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Is "Polar racism" unintentional?
Fiennes "reignites
..a race row..."
Polar Racism?
Peary Diary
Fiennes defibrillates
Polar Failure
Man-hauling vs dogs
World's Greatest
Fiennes explorer or travel writer?
Who found Ubar?
Fiennes and Stroud polar suffering
Guinness backs Peary
Guinness history?

$ Titles of nobility

UK Guardian says:
"...a question of why it took so long to acknowledge Henson's role as an explorer...It has been turned into a race issue ...Fiennes's claim has infuriated supporters of Henson. Had he been white, says...Peary's great-grandson, I don't think there would be any question...that Peary took a reliable witness and reached the Pole. It is only because of racist attitudes that the question of reliability has come up."
In this slim book Randall Kennedy investigates the social history of Nigger, a racial slur used for centuries to bring insult and degradation upon the Black population particularly in the Jim Crow South.
 
Source: Polar honour revives racial dispute. by Ben Summerskill, society editor Observer, Sunday December 31, 2000. http://www.guardian.co.uk/Archive/Article/0,4273,4111108,00.html
Unintentional racism, a tutorial
Guardian writer Ben Summerskill may be as confused and mistaken with historical facts as many non-experts are. A professor who regularly lectures on racism (and requested to remain anonymous) at one of England's famous Universities (you know, like Oxford or Cambridge, etc.) was so upset by the Summerskill article that the professor telephoned me from Britain and explained how subtle "inadvertent racism" can be.  My comments in red (scroll down page) focus on what we assume is unintentional racism in this account of Henson's role.
Historical inaccuracy, corrected
I see inaccurate comments made in Summerskill's article that reveal distortions of the facts concerning Peary's 1909 expedition. These seem to me to simply reiterates the words of second or third hand sources who were parroting the vindictive book written by colossal fraud Fred Cook in 1911. The latest of these writers, Wally Herbert, (Noose of Laurels, 1988) was completely discredited in the USA by a scientific investigation.

The Guardian Observer article: This is the event Fiennes is commenting upon:
"Sir Ranulph Fiennes, ...has reignited a race row which simmered in America for much of the twentieth century by rejecting claims that one of the first people to reach the North Pole was a black man." (continued further down the page...)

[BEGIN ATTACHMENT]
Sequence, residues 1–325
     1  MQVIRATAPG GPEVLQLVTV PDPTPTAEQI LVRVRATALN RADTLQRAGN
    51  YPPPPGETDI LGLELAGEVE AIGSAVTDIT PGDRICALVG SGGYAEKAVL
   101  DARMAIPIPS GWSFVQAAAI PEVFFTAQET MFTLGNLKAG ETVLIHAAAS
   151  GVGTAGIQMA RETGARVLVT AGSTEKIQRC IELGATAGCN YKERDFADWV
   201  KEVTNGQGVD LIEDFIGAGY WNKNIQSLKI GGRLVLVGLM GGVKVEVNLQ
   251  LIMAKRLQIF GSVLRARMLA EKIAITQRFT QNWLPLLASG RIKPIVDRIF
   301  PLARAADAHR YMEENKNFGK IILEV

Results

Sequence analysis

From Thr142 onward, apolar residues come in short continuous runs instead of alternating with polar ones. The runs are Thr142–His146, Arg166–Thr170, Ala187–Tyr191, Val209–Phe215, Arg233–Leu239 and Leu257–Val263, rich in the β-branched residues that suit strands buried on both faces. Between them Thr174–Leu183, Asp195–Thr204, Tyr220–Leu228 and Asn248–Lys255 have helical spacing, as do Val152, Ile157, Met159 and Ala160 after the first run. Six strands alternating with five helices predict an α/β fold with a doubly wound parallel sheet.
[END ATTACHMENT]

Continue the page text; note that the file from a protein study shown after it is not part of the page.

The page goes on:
Historical inaccuracy, corrected
Inaccurate:
"...critics of Peary and Henson had claimed that the two could not have traveled 30 miles a day as they claimed during their final five days on the way to the Pole. Suffering from frostbite, Peary was pulled on a sled." (Ben Summerskill)
(above) Photo from Northwest Passage—a professional expedition outfitter who have no problem traveling as fast as Henson & Peary did! See what the surface looks like near the Pole? Who says you can't travel 30 miles a day? Answer: Persons who do not use dog teams (polar man-haulers) or people who do not know what they are talking about.
Corrected:
(April 1) Came on at a good clip for about 4 hours when the sledges overtook me. After that obliged to sit on sledges most of the time ...or else run to keep up. Kept the pace for 10 hours....Have no doubt we covered 30 miles but will be conservative & call it 25...(April 3) Dogs frequently on trot...(April 4) over 10 hours on a direct course, 25 dogs often on the trot, occasionally on the run. 25 miles....(April 5) dog on trot much of the time. Last two hours on young ice of a north & south lead they were often galloping. 10 hours. 25 miles or more. Great....(April 6) The rise in the temp to -15˚ has reduced friction of the sledges 25% & gives the dogs appearance of having caught the spirits of the party. The more sprightly ones as they trot along with tightly curved tails, repeatedly toss their heads with short barks & yelps. 12 hours on a direct course. (30 miles)
(Peary's Diary)
(Ben Summerskill article, continued...)
Matthew Henson and his employer, Robert Peary, claimed to have been the first men to reach the North Pole, in April 1909. But when the two returned to the US later that year the achievement was questioned. The credibility as witnesses of Henson and four Inuits who accompanied Peary was doubted because they were not white. Peary had left behind a white co-explorer 130 miles before reaching his target.

Henson's case was a cause célèbre for black Americans for 90 years after he was first photographed with an American flag at what was claimed to be the top of the world. Many observers assumed that the controversy had been laid to rest when his achievement was finally admitted only weeks ago as America's National Geographic Society posthumously awarded Henson the coveted Hubbard Medal, an honour given to Neil Armstrong and Ernest Shackleton.

Now Fiennes, ... says: 'Sadly, I doubt that Henson and Peary ever got to the North Pole. It can be mathematically proved that they could not have done it on the basis of their notes.

'There is still a question of why it took so long to acknowledge Henson's role as an explorer. But other early explorers were never properly acknowledged too. It has been turned into a race issue and one where people have to be very careful about what they say.'

Fiennes's claim has infuriated supporters of Henson. 'Had he been white,' says Bert Peary-Stafford, Peary's great- grandson, 'I don't think there would be any question, regardless of his navigational skills, that Peary took a reliable witness and reached the Pole. It is only because of racist attitudes that the question of reliability has come up.'

'People use the argument that the Inuits weren't credible witnesses as evidence of a race thing,' Fiennes told The Observer. ' They should have qualified this position by explaining that the Inuits were ignorant of the latitudinal and longitudinal methods of navigation. That's why they were not credible.'

For years, Henson has been held up to black American schoolchildren as a hero whose achievements were denied because of endemic racism in the American establishment. He has been claimed to be a victim of the 'whitewashing' of history."